Globozoospermia is a rare incidence <0.1%, a genetic defect that causes male infertility . It is characterized by multiple alterations such as spermatozoa with round heads, absence of acrosomes, and anomalies in chromatin condensation [11,21]. In this case presentation, we report our findings to spermatozoa with total teratozoospermia dominated by globozoospermic sperm as the first case detected in an infertile man in the Republic of Kosovo with total teratozoospermia and where globospermia dominates. In our case, the patient was with primary infertility and 89% are dominated by globozoospermic sperm which are characterized by the presence of round-headed sperm and total lack of acrosome (Figure 1 and Figure 2). The classification of globozoospermia based on morphological characteristics and the percentage of round-headed spermatozoa is not consensual. Singh classified globozoospermia into type I and type II . Accordingly, in type I globozoospermia, also known as total or classic globozoospermia, or true roundhead only syndrome, 100% of the spermatozoa have a small, round, and acrosome-free head. Since round-headed spermatozoa are unable to penetrate the zona pellucida because of having no acrosome, this kind of disorder causes primary male infertility . Contrary, men with type II globozoospermia have both normal and round-headed sperm cells with large which impair motility. In this type of globozoospermia, 20%-90% of spermatozoa have no acrosome; therefore, it is also known as partial globozoospermia [8,9,15,16].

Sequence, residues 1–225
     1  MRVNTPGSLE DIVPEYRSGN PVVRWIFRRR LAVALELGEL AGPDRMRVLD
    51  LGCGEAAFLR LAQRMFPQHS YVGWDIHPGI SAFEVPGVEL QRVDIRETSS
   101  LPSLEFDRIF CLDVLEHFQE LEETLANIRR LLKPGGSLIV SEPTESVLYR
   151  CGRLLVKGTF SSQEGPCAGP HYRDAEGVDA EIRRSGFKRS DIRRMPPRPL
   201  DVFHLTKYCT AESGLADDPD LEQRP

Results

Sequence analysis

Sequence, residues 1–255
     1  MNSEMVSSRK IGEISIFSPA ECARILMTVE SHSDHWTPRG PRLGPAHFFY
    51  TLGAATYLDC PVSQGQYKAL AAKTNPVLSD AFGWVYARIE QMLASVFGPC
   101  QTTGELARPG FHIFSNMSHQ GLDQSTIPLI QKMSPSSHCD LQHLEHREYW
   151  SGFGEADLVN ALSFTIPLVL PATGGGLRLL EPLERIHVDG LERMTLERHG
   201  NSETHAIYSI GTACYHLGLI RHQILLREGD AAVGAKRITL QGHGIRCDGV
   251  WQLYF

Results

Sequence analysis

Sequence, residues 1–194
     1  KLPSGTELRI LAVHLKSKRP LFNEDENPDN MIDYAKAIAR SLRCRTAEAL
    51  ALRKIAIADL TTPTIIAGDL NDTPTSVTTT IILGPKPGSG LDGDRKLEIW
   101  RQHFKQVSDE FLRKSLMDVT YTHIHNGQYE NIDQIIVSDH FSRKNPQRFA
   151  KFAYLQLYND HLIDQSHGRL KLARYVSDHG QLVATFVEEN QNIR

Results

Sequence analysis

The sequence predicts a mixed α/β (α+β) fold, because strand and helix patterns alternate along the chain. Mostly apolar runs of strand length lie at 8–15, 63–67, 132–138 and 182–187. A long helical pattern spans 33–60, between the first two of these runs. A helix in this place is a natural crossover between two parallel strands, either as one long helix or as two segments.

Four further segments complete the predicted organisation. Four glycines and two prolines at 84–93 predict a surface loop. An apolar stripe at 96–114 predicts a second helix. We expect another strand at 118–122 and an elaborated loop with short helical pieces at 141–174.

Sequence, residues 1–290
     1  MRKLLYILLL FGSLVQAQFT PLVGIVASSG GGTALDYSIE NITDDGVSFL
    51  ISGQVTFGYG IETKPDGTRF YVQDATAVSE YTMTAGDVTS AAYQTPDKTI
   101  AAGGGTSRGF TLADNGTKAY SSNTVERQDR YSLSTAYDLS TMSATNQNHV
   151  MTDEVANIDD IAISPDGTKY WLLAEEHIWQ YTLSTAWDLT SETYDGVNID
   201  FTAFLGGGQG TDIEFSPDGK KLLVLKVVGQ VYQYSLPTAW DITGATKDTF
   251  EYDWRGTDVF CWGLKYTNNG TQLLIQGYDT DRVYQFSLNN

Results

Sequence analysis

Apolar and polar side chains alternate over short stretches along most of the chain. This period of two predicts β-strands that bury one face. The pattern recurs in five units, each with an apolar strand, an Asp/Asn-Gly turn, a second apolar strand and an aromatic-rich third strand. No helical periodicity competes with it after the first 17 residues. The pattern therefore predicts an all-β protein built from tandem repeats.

We agree with the above-mentioned authors about this division of globozoospermia into two types but based on the case findings we present we have the dilemma that there are arguments that there must be type III globozoospermia, or severe globozoospermia as is the case of our patient. Our hypothesis that we can divide globosperm into three types is based on the percentage mentioned by the authors that type II globosperm counts from 20%-90% sperm with globosperm [8,9,16]. We thought it could not be concluded that it is globospermia type II result with 20% globospermic sperm. For example, the case presented by our group where globospermic sperm are 89% (Figure 1 and Figure 2) cannot be called globosperm type II. We did not find any positive encouraging results in achieving pregnancy in vivo when we had 20% or 50% of globospermic sperm. Therefore, we could not even think that there could be in vivo fertilization in cases with >50% or in our case 89% with atypical sperm, i.e. globozoospermia.